*Some people have argued Schwinn’s electrowelding could have worked with lighter tubing.

        January 6, 2012 at 5:33 am
  • mark

    Based on the last few articles, I’ve come to the conclusion that I don’t make enough money to read this blog.

    January 5, 2012 at 7:00 pm
    • Jan Heine, Editor, Bicycle Quarterly

      True poverty is a terrible thing, and makes affording any nice bike impossible. If you fall into that category, I hope your fortunes will improve.
      For most of us, how we spend our money is based on the choices we make. I bought my first high-end bike as a student, living with very, very little. I did not own a car, I did not eat out, and I saved for a long time. In the end, I found that it was worth the effort. Before, I had a mass-produced bike that was less fun to ride and cost more per mile, because too many parts wore out once I started riding seriously. The “high-end” bike lasted for 10 years of racing and more than 70,000 miles. I still have it, it’s still in great shape, but it no longer suits the riding I do.

      January 5, 2012 at 7:22 pm
    • Matthew J

      My quality bikes instilled in me the confidence to give up my car. Not having to pay for insurance, gas, maintenance, parking, license fees has me way ahead.
      It all comes down to priorities and life style choices. As with everything else in this life, there is no cheap access to the best.

      January 6, 2012 at 7:24 am
  • iugradmark

    Mark, I hate to say it but I may be with you. I subscribed to Bicycle Quarterly but most of the reviews are for multi thousand dollar bikes that at the end are shown to have many flaws. These reviews are coming from what I believe are real experts but the comments scare the heck out of me as making an investment like this would be very significant. I liked the topic of this post and was hoping we would hear how you can spec out a bike for more reasonable fare but so far the comments seem to be it can’t be done and only a custom builder can build these bikes. My problem is that I wouldn’t know what to shoot for even if I could afford to go that route because when these bikes get reviewed in BQ, they usually display problems. Not confidence inspiring.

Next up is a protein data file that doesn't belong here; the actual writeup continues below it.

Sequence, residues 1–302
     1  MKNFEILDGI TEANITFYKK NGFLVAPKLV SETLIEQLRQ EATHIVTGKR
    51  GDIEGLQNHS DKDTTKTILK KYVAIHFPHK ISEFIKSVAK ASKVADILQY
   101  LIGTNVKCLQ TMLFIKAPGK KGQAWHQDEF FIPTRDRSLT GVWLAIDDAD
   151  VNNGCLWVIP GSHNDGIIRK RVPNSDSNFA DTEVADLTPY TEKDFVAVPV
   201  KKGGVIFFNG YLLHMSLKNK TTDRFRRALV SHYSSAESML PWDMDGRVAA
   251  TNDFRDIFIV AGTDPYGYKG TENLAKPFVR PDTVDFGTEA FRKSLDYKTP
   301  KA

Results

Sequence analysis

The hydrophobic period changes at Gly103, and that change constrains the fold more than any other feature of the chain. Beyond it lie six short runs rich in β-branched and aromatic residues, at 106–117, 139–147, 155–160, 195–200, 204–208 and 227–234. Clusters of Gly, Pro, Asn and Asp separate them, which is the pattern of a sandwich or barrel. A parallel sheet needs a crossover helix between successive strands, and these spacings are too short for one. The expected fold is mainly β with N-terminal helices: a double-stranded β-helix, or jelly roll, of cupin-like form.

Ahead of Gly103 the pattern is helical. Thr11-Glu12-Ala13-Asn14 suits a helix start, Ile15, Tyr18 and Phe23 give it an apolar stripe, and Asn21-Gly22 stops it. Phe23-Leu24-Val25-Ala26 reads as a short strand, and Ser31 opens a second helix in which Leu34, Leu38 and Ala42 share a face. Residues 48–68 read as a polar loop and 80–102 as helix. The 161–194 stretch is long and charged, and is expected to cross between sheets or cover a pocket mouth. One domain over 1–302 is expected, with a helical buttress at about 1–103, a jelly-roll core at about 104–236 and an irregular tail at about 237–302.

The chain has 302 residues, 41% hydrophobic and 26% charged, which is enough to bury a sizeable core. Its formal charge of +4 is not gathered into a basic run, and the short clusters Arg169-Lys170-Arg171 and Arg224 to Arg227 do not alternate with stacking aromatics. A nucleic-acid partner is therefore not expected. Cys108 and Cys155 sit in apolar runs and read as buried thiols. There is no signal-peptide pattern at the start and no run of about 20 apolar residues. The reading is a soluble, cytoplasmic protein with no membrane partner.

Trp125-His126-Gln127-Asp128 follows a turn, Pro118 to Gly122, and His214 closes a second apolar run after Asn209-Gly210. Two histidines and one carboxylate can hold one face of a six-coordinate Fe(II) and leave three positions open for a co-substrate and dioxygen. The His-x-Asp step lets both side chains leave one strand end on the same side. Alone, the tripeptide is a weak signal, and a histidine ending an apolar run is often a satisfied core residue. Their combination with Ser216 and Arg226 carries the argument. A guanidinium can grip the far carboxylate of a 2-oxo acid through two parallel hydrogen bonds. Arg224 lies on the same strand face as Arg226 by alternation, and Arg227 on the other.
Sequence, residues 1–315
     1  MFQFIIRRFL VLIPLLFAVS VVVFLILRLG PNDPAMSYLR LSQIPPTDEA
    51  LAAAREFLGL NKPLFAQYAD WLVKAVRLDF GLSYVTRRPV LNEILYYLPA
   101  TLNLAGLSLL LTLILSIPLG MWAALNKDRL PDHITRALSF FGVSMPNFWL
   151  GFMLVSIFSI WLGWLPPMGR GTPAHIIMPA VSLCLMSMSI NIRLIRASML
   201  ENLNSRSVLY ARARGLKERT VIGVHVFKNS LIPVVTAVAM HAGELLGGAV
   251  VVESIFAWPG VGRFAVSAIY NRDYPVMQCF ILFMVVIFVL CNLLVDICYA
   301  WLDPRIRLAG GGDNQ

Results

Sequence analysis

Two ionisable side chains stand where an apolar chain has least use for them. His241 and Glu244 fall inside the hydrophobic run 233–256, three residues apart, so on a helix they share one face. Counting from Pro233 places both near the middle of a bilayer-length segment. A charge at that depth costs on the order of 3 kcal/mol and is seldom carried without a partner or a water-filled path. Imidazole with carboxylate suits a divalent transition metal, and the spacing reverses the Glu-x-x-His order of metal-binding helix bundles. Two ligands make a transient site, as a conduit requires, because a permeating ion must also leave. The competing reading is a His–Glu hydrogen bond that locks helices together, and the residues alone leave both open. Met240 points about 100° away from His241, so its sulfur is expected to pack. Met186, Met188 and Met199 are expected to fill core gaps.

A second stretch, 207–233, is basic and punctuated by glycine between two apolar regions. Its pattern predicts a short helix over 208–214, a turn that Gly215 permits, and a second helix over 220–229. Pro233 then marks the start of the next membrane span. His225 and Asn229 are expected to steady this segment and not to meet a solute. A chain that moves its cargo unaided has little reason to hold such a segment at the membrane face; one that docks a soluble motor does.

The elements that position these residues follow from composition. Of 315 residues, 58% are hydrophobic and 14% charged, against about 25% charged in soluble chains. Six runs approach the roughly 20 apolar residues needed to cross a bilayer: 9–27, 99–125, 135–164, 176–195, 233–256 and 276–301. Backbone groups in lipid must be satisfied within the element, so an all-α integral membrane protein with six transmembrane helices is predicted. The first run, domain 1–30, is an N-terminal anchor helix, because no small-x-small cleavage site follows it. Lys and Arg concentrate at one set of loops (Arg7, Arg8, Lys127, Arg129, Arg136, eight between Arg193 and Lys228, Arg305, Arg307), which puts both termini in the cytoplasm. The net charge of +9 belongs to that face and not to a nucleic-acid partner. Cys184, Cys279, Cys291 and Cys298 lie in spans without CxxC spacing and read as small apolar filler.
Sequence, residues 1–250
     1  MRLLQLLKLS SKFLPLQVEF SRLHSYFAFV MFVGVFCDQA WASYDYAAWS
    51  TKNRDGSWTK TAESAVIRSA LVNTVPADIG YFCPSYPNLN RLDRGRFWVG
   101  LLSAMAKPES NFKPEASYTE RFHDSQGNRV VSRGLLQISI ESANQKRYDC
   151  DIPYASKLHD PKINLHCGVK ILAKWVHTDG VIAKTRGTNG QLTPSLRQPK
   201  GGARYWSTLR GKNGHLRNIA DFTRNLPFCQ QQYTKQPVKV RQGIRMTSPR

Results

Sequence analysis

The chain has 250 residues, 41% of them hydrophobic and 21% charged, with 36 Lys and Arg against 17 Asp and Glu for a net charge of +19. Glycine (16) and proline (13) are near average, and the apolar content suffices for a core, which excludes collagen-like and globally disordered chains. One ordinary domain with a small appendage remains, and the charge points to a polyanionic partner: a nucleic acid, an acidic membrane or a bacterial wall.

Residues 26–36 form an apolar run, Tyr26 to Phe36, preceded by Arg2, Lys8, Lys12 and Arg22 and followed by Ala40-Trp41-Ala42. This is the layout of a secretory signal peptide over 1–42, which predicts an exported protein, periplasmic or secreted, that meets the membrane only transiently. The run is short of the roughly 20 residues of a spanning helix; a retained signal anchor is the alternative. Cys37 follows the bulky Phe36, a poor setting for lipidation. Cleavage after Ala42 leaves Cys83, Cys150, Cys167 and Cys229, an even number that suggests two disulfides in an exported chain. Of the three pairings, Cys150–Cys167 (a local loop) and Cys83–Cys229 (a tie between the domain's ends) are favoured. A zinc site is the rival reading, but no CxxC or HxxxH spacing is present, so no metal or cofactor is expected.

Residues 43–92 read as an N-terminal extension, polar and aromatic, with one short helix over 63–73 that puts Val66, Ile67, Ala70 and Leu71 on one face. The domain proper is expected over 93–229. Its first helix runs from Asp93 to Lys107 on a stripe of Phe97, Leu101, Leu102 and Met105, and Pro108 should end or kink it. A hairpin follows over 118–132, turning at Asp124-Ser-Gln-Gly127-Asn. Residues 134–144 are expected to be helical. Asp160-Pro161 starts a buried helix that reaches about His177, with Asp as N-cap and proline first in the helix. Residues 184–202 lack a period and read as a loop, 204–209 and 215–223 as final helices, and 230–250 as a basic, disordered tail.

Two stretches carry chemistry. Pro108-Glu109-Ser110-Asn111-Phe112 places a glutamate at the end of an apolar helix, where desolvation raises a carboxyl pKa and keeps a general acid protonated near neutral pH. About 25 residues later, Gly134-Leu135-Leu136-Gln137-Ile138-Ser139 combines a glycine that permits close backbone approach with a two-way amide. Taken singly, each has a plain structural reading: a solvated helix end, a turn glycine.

January 5, 2012 at 8:21 pm
    • Jan Heine, Editor, Bicycle Quarterly

      At Bicycle Quarterly, we try to feature less expensive bikes that still offer a great riding experience. The Box Dog and Boulder Bicycle have been mentioned here, and there are others. With a careful selection of parts, perhaps some of them used, you could build a bike on a budget. And if you find it’s not the bike for you, the resale value will be good enough that your experiment won’t cost much. (Try selling a used racing bike for even half of what you paid.)